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3rd valve slide stop rod


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nieuwguyski
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Joined: 06 Feb 2002
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Location: Santa Cruz County, CA

PostPosted: Thu Jan 17, 2019 7:25 pm    Post subject: Reply with quote

I had the same problem with my Martin Committee and thought a Getzen plastic "slide retainer" would be the perfect solution. Alas, the valve slides on the Committee are closer together than the Getzen and it didn't fit. I ended up using a heavy-duty black twisty-tie from the cabling of some electronic device.
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James Becker
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Joined: 02 Sep 2005
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Location: Littleton, MA

PostPosted: Thu Jan 17, 2019 7:32 pm    Post subject: Reply with quote

As much as some folks like to keep to the original design, a 3rd slide stop is practical and in some instances an enhancement.

For example, Bach C trumpets in recent times include a pin style stop screw. The added mass to the third slide provides stability (or slots) we find benficial. We've gone so far as to make a weighted stop screw for those that desire more slots. Positive resistance incrementally has it's advantages.

I'm also aware of players removing the 3rd stop nuts from their Bach Bb trumpets to open up the blow.

So you see, location and quantity of mass can have an impact.

I hope this is helpful.
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kehaulani
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Joined: 23 Mar 2003
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Location: Texas, by way of Germany and Hawaii

PostPosted: Thu Jan 17, 2019 8:15 pm    Post subject: Reply with quote

nieuwguyski wrote:
I had the same problem with my Martin Committee and thought a Getzen plastic "slide retainer" would be the perfect solution. Alas, the valve slides on the Committee are closer together than the Getzen and it didn't fit. I ended up using a heavy-duty black twisty-tie from the cabling of some electronic device.

Why did you use anything? My impression, and experience, is that the Committee was made so that one doesn't need to compensate with extending the third valve slide.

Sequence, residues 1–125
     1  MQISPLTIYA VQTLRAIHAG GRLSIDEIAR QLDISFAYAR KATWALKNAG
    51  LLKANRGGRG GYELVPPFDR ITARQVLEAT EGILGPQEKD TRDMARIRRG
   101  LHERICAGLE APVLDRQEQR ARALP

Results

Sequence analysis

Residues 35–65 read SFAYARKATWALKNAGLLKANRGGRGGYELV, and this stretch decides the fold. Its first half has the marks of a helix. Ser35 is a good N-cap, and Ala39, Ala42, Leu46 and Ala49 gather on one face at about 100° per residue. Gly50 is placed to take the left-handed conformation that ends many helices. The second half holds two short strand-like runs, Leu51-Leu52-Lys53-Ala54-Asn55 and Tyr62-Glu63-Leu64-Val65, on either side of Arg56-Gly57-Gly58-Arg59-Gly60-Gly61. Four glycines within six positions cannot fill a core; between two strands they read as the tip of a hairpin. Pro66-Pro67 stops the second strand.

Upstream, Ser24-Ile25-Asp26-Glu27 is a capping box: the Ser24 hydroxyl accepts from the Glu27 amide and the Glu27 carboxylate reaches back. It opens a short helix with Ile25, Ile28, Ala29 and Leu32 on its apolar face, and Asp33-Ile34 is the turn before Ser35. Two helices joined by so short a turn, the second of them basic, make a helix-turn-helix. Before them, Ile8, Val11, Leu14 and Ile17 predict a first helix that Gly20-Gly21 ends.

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nieuwguyski
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Joined: 06 Feb 2002
Posts: 1962
Location: Santa Cruz County, CA

PostPosted: Thu Jan 17, 2019 11:08 pm    Post subject: Reply with quote

Well, my Committee, as did most, had an adjustable third-slide ring, suggesting that Martin didn't design the horn with no adjustment in mind (or, admittedly, they put the ring on because that's what "professional" trumpets had at the time).

But my Committee had the ring, and I used it, and the third-valve slide was so loose that the slide would fall off if not retained.

<rant>Martin didn't design the Committee to be the niche horn we think of it now. The design was meant to compete with other trumpets, sell as many units as possible, and make a profit. Martin's early marketing for the Committee includes endorsers like "M. Thomas Cousins, of the National Symphony Orchestra"; "Dana Garrett, formerly cornet soloist of the Sousa Band - now first trumpet, Capitol Theatre, Washington, D.C."; "Rafael Mendez, Hollywood artist"; "Jimmy Neilson, Band Director and Instrumental Instructor, Oklahoma City University - an outstanding trumpet and cornet artist"; and "Renold Schilke, one of the most highly skilled artists in America, first trumpet with the Chicago Symphony Orchestra."

Whether any of those players actually used a Committee or not doesn't matter. My point is Martin marketed the Committee as an all-around professional trumpet, and an adjustable third slide would have been standard at the time.</rant>

I guess my Committee must be a bad example. It is from the wrong period (late '50s) and is the wrong model (it's a Deluxe, with the nickel-silver slides), but I think it's a nice all-around trumpet that I've used in big band, in small-group jazz, in church, in concert band, and in pit orchestras. And I used the third-slide ring to adjust intonation in all those groups.
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